Yesterday, I managed to find a spare couple of hours to play around with a useful stencil set from the Artool range. My aim was to produce layers of random rust/corrosion effects on a sheet of plastic, with an eye on creating realistic loads of sheet steel for an 'O' gauge railway wagon. I've had this Artool stencil for a while now, but haven't had much time to fully explore its potential until now and, after a few different attempts, I think I'm getting to grips with it.

After preparing the plastic with a red oxide primer, a random mix of rust and brown shades were airbrushed over the surface. When it was touch-dry, the stencil was placed on top and slightly different shades of paint were airbrushed through it, in a fine misting action. By moving the stencil around and altering the paint shades, an endlessly random array of shapes and tones can be created.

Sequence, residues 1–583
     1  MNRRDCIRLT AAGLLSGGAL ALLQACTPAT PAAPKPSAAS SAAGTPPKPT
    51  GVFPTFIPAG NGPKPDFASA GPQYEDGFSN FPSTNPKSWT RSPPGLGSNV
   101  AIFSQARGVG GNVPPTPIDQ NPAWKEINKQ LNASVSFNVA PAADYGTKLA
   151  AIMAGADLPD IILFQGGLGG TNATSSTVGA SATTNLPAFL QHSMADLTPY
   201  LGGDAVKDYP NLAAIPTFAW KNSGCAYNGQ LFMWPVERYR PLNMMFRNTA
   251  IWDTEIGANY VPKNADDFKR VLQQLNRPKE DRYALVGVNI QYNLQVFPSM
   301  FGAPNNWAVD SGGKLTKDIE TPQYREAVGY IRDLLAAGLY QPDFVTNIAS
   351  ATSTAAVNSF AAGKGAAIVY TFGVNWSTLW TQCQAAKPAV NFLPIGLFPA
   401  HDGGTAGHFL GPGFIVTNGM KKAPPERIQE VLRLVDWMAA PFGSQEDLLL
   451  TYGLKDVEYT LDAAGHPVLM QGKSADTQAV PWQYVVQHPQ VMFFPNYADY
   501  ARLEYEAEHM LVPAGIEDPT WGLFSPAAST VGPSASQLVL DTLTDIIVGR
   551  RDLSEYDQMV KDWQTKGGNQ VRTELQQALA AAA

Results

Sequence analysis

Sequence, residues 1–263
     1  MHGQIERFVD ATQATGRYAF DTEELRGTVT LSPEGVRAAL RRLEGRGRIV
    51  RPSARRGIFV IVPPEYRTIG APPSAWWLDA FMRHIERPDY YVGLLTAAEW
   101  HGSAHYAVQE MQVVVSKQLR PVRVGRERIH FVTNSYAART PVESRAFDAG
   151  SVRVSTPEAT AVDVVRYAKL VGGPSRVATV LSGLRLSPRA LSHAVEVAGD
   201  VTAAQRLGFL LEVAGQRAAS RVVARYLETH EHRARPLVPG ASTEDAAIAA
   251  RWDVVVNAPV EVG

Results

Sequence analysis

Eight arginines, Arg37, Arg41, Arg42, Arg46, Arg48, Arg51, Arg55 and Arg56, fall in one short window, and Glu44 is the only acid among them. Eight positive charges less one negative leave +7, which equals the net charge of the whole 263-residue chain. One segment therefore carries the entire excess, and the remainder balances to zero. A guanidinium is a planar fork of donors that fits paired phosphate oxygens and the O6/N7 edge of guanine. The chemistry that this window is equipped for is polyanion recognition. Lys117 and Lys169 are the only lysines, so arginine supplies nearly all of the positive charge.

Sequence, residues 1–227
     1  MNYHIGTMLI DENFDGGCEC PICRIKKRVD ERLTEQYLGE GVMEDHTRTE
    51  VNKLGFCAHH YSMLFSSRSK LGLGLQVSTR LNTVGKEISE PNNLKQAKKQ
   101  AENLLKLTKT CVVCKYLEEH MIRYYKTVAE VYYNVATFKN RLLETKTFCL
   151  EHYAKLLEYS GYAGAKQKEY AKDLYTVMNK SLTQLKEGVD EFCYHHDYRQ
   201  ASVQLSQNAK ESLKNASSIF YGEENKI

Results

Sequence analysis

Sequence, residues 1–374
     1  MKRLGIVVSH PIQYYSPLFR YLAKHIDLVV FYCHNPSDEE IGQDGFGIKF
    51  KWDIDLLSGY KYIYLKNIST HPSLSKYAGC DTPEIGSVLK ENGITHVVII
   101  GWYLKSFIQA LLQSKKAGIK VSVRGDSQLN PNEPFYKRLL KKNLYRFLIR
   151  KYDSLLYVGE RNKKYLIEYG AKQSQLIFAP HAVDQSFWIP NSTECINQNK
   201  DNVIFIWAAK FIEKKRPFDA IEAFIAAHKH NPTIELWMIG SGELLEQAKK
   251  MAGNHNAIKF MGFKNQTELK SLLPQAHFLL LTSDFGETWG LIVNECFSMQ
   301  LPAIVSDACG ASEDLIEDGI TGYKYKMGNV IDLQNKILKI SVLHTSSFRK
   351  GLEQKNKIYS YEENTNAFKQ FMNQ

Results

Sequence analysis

The effect (seen above) looks a little strange to begin with. However, once the paint has dried, the finish can be refined - and extra texture introduced - with careful use of dry pigments, applied by hand with a variety of different brush sizes. 

My first attempt is illustrated here and I'm fairly pleased with the results. The beauty of the Artool stencil and the various paint shades employed, means that no two workpieces are likely to look the same, which is just what I'm hoping for. I can see this method proving useful for all manner of weathering jobs, especially for industrial buildings and scenes. 

A large range of airbrush stencils are available in the Artool range, distributed in the UK by The Airbrush Company.



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